The T. frondens can grow up to 3 feet (91 cm) across. Their life span is unknown.
Difficulty of Care
Turbinaria Coral Care: The Turbinaria genus is fairly easy to maintain in an aquarium with good lighting and water quality. The T. frondens is one of the easier species to care for, as are most of the deeper dwelling Turbinaria, being less demanding of light and water movement. If they have any folds or curves, be sure to keep them free of debris. Also keep the spaces between the tubular corallites clean. You can use a turkey baster if needed. Their polyp expansion is a great indicator of the overall health of the aquarium.
Foods / Feeding
Turbinaria Coral Feeding: The Turbinaria genus, like other large polyp stony (LPS) corals, have developed several feeding strategies. Through a symbiotic relationship with a marine algae, known as zooxanthellae, they receive some of their nutrients. Turbinaria are the only genus in the Dendrophylliidae family that are symbiotic.They also capture planktonic organisms, food particles from the water column, and can absorb dissolved organic matter.
In captivity, although the Yellow Cup Coral relies on lighting for their zooxanthellae, they also need to be fed a variety of other foods. Feed such foods as mysis shrimp, enriched baby brine shrimp, cyclopeeze, and finely minced silversides or other fish from the ocean that you can get at your grocery store. They need to be fed several times a week. Use good sense in determining how often your particular animal needs food. If their polyps start to disappear, then you are not feeding them enough.
Typical water changes of 20% a month, 10% biweekly, or 5% weekly are needed. It has been noted that 5% weekly water changes replenish many of the needed additives. They also benefit from strontium and trace elements. Frequent water changes help to supply trace elements, but with higher concentrations of coral with calcareous skeletons, there may be a need put in additional additives to maintain proper levels for good growth.
The following water supplements are suggested for Turbinaria species:
- Calcium: 385 to 425 ppm. If a large poly stony (LPS) coral does not have enough calcium, it will not grow.
- Alkalinity: 8 to 12 dKh
- Phosphates: 0, zero. Phosphates are the worst of all and all corals hate them.
- Magnesium: 1350 minimum. Magnesium makes calcium available, so if your calcium is low, check your magnesium levels before adding any more calcium.
- Strontium: 8 – 10
|Quick Reference Chart
Be sure to have proper water movement and provide sufficient lighting. Turbinaria species can be tolerant of several lighting conditions, though a moderate light is preferred. Along with adequate lighting, provide a moderate and turbid, or a surging water movement for the best health. This is a peaceful species, but other corals may not be, so provide adequate space between species.
- Minimum Tank Size / Length:100 gallons (380 L) or larger
- Marine Lighting: Moderate
- Temperature: 74Â° – 83Â° F (23Â° – 28Â° C)
- Salinity / Specific Gravity: 1.023 – 1.025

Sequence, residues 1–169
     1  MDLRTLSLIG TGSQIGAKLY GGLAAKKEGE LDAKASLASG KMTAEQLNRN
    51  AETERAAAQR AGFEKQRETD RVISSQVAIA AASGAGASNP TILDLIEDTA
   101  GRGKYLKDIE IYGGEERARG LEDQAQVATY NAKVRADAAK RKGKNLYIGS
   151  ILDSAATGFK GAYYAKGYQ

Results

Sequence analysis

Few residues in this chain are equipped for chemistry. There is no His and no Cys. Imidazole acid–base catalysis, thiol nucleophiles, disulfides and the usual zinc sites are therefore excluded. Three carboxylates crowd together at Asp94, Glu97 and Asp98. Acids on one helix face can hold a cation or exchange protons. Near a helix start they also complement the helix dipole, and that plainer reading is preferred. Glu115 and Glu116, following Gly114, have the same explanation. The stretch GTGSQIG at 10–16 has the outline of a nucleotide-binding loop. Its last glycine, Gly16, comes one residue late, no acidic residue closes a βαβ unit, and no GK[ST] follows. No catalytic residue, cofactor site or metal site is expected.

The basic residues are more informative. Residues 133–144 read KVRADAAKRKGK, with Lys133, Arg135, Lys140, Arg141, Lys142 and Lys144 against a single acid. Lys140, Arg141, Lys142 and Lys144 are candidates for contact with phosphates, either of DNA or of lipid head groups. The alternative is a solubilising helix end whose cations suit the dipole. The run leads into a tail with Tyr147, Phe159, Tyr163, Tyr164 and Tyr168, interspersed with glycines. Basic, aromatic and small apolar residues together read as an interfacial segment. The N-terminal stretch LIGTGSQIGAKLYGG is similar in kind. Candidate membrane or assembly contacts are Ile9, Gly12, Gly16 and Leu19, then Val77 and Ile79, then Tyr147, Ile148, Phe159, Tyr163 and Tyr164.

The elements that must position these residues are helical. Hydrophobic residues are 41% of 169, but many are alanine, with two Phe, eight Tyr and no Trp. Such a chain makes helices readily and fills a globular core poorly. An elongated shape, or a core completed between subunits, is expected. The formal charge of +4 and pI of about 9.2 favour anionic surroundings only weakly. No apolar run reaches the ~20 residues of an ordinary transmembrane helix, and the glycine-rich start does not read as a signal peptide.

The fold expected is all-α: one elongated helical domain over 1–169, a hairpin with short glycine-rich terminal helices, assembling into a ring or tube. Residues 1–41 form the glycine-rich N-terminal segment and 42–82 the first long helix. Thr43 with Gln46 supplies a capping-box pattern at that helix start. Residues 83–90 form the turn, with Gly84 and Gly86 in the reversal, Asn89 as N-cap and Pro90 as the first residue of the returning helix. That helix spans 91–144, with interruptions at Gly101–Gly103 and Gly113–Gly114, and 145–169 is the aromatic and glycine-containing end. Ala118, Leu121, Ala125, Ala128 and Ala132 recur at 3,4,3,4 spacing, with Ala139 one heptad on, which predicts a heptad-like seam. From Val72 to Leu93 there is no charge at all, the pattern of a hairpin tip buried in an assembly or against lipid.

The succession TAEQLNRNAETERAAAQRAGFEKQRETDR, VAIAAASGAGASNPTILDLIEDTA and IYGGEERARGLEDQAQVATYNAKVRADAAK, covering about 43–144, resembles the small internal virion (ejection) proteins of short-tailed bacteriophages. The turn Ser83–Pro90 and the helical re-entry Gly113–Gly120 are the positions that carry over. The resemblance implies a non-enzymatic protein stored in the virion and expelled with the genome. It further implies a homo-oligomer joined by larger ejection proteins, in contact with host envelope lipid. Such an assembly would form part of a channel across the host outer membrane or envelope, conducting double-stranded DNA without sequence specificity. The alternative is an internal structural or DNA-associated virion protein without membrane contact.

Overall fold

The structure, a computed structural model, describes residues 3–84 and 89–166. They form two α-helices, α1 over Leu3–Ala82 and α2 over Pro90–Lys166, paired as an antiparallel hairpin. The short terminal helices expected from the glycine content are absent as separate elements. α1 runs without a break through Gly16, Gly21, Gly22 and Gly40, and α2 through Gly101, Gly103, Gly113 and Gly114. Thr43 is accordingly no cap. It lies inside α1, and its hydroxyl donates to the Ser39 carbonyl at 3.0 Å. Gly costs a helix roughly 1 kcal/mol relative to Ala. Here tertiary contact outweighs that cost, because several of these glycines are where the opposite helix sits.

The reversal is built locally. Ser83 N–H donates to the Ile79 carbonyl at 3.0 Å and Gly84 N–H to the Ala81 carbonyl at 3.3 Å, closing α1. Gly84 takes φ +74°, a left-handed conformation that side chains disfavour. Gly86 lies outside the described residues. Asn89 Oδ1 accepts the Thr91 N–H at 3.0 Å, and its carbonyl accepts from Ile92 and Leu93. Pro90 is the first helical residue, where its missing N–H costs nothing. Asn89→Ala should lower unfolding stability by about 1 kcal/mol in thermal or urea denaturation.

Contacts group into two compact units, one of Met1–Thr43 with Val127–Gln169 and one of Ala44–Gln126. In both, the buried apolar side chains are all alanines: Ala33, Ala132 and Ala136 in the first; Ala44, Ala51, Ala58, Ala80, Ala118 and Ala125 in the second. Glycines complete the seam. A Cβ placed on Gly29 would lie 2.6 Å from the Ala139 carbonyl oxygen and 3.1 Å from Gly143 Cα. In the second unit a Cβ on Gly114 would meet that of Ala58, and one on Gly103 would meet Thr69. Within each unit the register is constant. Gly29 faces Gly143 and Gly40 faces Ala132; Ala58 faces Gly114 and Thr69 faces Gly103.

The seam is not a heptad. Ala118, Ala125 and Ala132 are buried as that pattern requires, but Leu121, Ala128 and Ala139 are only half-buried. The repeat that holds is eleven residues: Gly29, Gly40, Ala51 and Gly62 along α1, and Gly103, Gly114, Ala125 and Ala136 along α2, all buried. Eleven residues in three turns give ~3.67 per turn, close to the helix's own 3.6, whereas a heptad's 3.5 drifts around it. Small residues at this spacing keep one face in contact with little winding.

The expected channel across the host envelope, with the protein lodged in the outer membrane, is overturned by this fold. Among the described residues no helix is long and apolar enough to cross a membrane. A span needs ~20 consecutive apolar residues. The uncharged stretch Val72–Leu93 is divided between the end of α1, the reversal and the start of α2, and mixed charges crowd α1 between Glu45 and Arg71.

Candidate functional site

- Water Movement: Moderate and turbid, or surging
- Water Region: Bottom to middle of the aquarium
Compatibility and Social Behaviors
The T. frondens is peaceful towards other corals. However, if their polyps become irritated, they can produce a hefty mucus net. If this mucus comes in contact with other corals, it can damage them. So they do need adequate space between themselves and other corals.
Yellow Cup Corals do well in a mixed reef, a small polyp stony (SPS) coral tank, or a large polyp stony (LPS) coral tank. They do need to be kept away from contact with polyps of Zoanthid corals, and away from the sweeper tentacles of other corals. They are safe with reef safe fish, yet do not like to be walked on, sat on, or otherwise pestered by any kind of crab.
Sex – Sexual differences
Breeding and Reproduction
The large polyp stony (LPS) corals are hermaphrodites, male and female within the same organism, and can reproduce both sexually and asexually. In the wild they reproduce sexually by releasing eggs and sperm at the same time, resulting in a fertilized egg which then forms into a free-swimming planula larva.Eventually the planula larvae settles onto the substrate, becoming plankters. This then forms a tiny polyp which begins to excrete calcium carbonate and develops into a coral. Planula larvae are extremely vulnerable to predation, and very few survive. The Turbinaria genus can reproduce asexually as well, by fragmentation or extratentacular budding.
In captivity, propagating the T. frondens is fairly easy through fragmenting. Coral farmers may use sexual reproduction to propagate in the future, as it has been successful.
To frag, first start with a healthy coral. The best choice for cutting this coral is an electric saw. Once cut the frag should be left on its side, keeping the cut or wound completely open to water flow so it can heal. If the wound is face down, there would not be enough water flow and the cut area can get infected. They may not look pretty when you frag them, but they quickly start to grow into beautiful cups, scrolls, or whatever shape your environment encourages them to form. Give the frags a chance to heal before moving them to a new tank.
The T. frondens are attractive and durable when their needs are provided for. They have mucus secretions that they use to capture food or get rid of waste. The only time an aquarist should worry is if the actual tissue looks unhealthy under the mucus. The species from shallower areas that are scrolled and convoluted can be susceptible to black-band and white-band disease. Keep these free of detritus, food and algae with good water flow and a periodic blast of a turkey baster to get into the crevices.
- Animal-World References: Marine and Reef
- Anthony Calfo, Book of Coral Propagation, Volume 1 Edition 2: Reef Gardening for Aquarists, Reading Trees; 2nd edition, 2007
- Ronald L. Shimek, Guide to Marine Invertebrates: 500+ Essential-to-Know Aquarium Species, Microcosm, 2005
- Harry Erhardt and Horst Moosleitner, Marine Atlas Volume 2, Invertebrates (Baensch Marine Atlas), Mergus Verlag GmbH, Revised edition, 2005
- Eric Borneman, Aquarium Corals : Selection, Husbandry, and Natural History , TFH Publications, 2001
- J.E.N. Veron, Corals of Australia and the Indo-Pacific , University of Hawaii Press; 2 Rev Ed edition, 1993
- Bob Goemans, Yellow Cup Coral, Animal Library, Saltwatercorner.com